Erdoğan’s reaction to challenges to his rule has also manifested in his treatment of the press. Turkey has reportedly imprisoned more journalists than any other country, including Iran and China (which reportedly hold the #2 and #3 spots respectively). The government’s surveillance of the press (and other public media) and heavy-handedness has cast a chill over public discourse, as it is understood that criticism of the regime may result in incarceration. Erdoğan’s attention and focus on media criticism has caused him to frequently accuse the international media of leading a campaign against Turkey.

In efforts to counteract domestic and international criticism, it is therefore revealing that so much emphasis has been put on public diplomacy over the last few years. In order to control perceptions, the Prime Minister’s Office of Public Diplomacy was created in 2010 to highlight the nation’s economic prosperity and commitment to democracy. In “Soft Power and Public Diplomacy in Turkey,” chief policy advisor to Erdoğan, Ibrahim Kalin indicates the government’s strategic reasoning for its new emphasis on public diplomacy: “In order for us to achieve success in explaining Turkey’s position in the face of accusations and problems our country has long endured in the international arena, it is necessary to use public diplomacy tools and methods to inform accurately the international community.” (3) Although by its nature, government-controlled public diplomacy efforts aim to frame the government and country in a positive light, the Erdoğan administration’s effort -propaganda- to suppress bad press while disseminating favorable depictions of Turkey, belies underlying domestic discontent and reveals domestic battles on such issues as internal political party dissent and corruption.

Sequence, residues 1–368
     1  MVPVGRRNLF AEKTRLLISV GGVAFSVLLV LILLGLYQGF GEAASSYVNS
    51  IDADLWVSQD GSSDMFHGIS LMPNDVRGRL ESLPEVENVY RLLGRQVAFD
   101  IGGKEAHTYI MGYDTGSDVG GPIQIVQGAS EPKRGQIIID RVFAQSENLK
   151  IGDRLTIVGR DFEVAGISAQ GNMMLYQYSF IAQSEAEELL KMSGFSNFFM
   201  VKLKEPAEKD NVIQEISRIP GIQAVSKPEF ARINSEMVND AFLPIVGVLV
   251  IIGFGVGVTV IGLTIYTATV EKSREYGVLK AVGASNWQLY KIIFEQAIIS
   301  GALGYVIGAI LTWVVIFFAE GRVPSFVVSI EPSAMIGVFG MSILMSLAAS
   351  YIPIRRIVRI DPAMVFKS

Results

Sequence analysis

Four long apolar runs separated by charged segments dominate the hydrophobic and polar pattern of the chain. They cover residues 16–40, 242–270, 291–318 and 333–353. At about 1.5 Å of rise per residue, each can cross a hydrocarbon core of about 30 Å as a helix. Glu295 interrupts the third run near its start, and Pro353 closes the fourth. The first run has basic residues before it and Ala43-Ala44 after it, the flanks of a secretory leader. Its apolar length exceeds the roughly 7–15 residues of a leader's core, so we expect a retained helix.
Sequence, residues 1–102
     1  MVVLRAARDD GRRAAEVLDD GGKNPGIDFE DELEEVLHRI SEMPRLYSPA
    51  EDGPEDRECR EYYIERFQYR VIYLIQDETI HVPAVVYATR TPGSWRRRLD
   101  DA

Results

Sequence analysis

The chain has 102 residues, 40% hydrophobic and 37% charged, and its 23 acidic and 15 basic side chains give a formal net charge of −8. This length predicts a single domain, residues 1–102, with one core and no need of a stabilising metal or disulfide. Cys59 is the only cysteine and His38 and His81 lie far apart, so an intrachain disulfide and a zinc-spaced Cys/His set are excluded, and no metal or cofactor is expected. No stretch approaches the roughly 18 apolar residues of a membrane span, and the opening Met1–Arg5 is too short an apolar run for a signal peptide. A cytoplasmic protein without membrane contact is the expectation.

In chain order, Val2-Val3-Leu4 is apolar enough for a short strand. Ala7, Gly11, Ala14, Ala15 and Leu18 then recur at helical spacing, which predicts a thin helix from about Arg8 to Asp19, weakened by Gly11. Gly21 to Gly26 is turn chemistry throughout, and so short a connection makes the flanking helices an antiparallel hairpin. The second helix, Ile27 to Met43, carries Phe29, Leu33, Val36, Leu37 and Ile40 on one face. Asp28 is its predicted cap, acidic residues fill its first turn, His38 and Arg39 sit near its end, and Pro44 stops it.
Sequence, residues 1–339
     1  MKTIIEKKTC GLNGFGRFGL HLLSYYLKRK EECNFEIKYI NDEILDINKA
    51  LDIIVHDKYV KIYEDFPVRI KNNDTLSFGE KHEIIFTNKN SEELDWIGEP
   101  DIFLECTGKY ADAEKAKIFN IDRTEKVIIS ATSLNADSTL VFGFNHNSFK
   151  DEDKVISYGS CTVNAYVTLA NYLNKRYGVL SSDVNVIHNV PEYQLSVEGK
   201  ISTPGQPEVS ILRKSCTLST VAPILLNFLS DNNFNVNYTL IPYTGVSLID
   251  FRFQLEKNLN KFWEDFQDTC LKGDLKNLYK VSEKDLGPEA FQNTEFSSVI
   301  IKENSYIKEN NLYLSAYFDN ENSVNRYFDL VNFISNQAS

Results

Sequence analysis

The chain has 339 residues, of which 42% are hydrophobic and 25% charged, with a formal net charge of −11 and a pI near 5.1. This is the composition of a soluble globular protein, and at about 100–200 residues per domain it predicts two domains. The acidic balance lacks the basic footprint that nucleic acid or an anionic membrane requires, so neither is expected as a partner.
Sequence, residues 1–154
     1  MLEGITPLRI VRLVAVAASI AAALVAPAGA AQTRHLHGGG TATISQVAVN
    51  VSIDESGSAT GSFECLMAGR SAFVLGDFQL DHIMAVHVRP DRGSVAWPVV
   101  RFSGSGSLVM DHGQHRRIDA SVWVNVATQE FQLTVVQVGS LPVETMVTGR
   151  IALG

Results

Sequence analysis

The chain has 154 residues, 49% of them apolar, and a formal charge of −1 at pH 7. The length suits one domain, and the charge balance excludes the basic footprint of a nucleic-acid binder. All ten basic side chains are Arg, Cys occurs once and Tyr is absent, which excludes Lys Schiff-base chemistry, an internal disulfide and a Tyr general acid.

So the question remains: why, despite all this, does Erdoğan remain so popular? The answer is largely that AKP rule over the last 11 years has coincided with an era of enormous prosperity in Turkey. While there may be economic headaches in this emerging power’s future (e.g. sagging oil prices’ repercussions etc.), economic growth has boomed, and Turkey’s Foreign Direct Investment (FDI) has grown from just over $1 billion to an average of $13 billion per year in the past five years. Turkish per capita GDP has more than doubled from $4,595 to $10,946 and Turkey is now the 18th largest economy in the world. Under Erdoğan’s hand, Turkey has also assumed a regional and international leadership role, something that is attractive to Turkish citizens who have observed Turkey’s rise in prominence.

While Erdoğan’s record of domestic prosperity is strong, and while Turkey and the international media have heard promises of justice and liberties, rhetoric from the current regime has at times been betrayed by its actions. Such is the paradox of the country’s current public diplomacy.

Reactions to this discussion are most welcome on both the posting itself and on twitter @EllenHDiplo

References:
(1) Ross Wilson, "Turkey's Three Transformations," Issue Brief, The Atlantic Council, 2011, 2.
(2) Ertuğ Tombuş, “Erdoğan’s Turkey: Beyond Legitimacy and Legality,” Vol 3, no.12 (December 2014): pp. 40-52. Centre for Policy and Research on Turkey (Research Turkey, London)
(3) Ibrahim Kalin, "Soft Power and Public Diplomacy in Turkey," Center for Strategic Research, 2011, 8.